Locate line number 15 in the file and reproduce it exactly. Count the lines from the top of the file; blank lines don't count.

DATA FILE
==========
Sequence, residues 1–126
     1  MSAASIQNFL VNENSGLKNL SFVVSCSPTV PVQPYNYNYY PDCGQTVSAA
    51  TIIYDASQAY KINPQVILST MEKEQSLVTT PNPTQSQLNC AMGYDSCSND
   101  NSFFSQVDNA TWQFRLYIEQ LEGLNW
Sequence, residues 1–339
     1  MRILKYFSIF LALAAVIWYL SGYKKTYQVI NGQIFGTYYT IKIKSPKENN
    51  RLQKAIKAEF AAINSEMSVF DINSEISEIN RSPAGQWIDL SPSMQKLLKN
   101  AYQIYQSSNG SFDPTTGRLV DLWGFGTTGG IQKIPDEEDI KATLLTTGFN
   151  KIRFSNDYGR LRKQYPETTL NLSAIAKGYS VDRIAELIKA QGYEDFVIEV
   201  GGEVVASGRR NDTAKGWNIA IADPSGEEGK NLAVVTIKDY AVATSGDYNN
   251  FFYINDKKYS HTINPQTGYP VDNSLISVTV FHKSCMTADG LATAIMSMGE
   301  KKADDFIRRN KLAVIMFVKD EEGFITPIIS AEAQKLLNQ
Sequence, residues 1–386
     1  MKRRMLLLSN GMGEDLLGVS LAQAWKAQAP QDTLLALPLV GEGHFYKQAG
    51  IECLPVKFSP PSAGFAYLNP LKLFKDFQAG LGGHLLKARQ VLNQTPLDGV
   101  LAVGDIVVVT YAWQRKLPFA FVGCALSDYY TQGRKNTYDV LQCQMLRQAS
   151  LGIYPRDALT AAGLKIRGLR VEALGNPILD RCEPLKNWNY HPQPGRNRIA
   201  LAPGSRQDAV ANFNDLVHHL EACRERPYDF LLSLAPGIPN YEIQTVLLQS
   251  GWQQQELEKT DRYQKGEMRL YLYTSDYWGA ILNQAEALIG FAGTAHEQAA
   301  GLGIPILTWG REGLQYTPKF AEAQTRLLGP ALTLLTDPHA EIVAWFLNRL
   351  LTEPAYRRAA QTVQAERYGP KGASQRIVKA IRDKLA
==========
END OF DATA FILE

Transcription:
    51  IECLPVKFSP PSAGFAYLNP LKLFKDFQAG LGGHLLKARQ VLNQTPLDGV